Sunday, June 20, 2004

High Fidelity is my favorite novel because it so precisely captures the music geek world I live in. Although the movie adaptation was flawed, mainly by the lack of chemistry between John Cusack and Iben Hjejle, it captured that music geek spirit. My favorite scenes were the ones that visually conveyed more than mere words could in the book. In particular, Dick (Todd Louiso) finds Rob (Cusack) in his apartment surrounded by stacks and stacks of records, which Rob is reorganizing. Dick is unable to guess at the new classification scheme. Rob triumphantly announces he's doing it autobiographically.

There's a great deal of truth behind that humorous concept: if music is a big part of your life, you associate certain songs or bands with other aspects of your life. And Fountains of Wayne concerts are now firmly intermingled with memories of the birth of my son. I got the first unsolicited comment from a stranger on my pregnancy at their show at the Vic last November. The security woman who frisked me apologized for doing so since I was expecting. I had only announced my pregnancy recently and was taken aback by her comment since I didn't think my condition was that obvious. Their show at Rockin' de Mayo was the last concert I attended while pregnant; I sat at the foot of the stage since I couldn't stand that long. And their show last night at Taste of Randolph St. was my son's first concert.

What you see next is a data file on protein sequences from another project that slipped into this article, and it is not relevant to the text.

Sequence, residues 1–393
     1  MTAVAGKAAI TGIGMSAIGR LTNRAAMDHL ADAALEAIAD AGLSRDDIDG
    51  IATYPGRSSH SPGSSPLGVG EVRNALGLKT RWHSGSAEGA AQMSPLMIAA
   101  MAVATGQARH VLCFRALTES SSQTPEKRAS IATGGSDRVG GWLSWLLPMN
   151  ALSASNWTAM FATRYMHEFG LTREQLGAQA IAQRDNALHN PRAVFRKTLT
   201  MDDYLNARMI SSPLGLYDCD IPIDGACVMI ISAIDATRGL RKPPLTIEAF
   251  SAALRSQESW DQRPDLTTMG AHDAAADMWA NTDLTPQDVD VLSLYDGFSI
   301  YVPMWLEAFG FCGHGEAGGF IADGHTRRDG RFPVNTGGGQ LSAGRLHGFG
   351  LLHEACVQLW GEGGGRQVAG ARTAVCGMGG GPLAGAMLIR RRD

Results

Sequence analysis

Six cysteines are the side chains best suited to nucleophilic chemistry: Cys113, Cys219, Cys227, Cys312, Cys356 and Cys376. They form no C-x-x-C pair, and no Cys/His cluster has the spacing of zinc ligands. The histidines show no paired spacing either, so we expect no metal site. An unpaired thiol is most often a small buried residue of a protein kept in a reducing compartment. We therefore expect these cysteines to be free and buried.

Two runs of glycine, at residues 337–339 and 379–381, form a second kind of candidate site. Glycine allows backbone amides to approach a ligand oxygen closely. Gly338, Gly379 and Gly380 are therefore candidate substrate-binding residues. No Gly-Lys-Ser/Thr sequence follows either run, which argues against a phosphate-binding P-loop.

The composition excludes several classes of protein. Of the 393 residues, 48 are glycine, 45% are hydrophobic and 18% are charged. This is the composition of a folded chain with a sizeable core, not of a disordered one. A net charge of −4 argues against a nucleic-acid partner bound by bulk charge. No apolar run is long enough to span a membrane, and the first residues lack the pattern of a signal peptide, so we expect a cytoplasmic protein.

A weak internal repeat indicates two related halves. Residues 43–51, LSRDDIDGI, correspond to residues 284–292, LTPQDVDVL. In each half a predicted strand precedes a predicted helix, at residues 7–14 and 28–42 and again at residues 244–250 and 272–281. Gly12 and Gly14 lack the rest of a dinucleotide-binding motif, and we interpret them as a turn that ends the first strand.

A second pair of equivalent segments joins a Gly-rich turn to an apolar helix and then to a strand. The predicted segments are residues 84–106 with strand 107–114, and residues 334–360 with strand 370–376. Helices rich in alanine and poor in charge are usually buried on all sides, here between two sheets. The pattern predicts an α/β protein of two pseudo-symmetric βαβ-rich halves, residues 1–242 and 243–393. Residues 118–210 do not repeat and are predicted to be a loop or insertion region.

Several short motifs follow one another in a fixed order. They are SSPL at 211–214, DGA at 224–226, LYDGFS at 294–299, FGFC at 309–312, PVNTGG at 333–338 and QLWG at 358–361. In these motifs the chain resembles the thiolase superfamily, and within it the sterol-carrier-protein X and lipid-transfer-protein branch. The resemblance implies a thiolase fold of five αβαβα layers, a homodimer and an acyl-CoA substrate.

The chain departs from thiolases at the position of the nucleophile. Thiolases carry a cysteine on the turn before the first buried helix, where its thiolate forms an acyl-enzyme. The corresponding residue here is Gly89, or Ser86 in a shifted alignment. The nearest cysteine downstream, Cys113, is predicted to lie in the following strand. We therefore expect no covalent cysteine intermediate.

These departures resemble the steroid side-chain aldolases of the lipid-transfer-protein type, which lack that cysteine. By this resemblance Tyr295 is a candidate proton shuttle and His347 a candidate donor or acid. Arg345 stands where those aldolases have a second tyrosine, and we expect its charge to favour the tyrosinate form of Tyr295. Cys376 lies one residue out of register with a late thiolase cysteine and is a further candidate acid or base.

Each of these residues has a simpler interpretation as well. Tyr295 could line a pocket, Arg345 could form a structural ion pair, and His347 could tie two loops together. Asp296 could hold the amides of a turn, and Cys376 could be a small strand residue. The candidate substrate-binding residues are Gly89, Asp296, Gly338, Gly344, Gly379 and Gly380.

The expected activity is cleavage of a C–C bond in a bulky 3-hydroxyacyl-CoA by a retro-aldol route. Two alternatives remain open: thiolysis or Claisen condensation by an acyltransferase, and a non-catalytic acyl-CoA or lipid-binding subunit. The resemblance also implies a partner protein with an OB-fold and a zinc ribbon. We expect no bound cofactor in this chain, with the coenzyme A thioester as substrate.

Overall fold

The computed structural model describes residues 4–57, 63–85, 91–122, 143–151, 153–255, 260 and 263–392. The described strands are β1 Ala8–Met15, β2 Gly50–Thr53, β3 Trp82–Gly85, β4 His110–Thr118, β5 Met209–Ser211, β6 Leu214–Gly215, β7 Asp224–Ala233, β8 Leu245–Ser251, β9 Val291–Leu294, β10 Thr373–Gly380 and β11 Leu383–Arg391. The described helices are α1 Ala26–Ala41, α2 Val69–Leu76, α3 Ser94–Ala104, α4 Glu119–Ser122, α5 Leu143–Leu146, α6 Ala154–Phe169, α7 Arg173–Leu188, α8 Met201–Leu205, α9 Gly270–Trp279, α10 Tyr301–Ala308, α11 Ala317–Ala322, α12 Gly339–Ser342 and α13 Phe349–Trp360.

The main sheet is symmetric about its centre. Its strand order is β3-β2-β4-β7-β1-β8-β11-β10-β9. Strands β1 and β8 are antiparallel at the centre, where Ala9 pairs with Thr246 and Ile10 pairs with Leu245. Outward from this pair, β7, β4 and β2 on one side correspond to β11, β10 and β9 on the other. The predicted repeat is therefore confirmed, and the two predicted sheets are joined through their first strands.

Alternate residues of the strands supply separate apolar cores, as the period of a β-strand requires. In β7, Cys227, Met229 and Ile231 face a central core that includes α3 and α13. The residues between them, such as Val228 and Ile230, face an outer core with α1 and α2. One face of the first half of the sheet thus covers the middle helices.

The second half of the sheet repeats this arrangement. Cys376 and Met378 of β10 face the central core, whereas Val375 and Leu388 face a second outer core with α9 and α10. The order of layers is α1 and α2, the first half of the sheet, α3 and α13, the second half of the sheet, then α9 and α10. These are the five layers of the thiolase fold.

Normally, I'd be offering up a review. But my attention was split between the band and the boy. Rather than being in the thick of the audience, we stood on the outskirts to protect his hearing and so I could fend off the encroaching drunks (Some people came to the festival to drink, not to see the band.) The band did offer a small surprise, namely that they've changed the set. Unlike their last three shows here in the last year, they didn't play "Radiation Vibe" as the last song before the encore, nor did they go into tangent covers of arena rock and the Cars' "Let's Go" on that song, just playing it straight through. This gave me hope that they might finally play "Little Red Light," but for my baby's well-being, we left during the encore without ever hearing it. The baby slept through most of the show, but I hope at some point he appreciates the music his parents exposed him to from such an early age.

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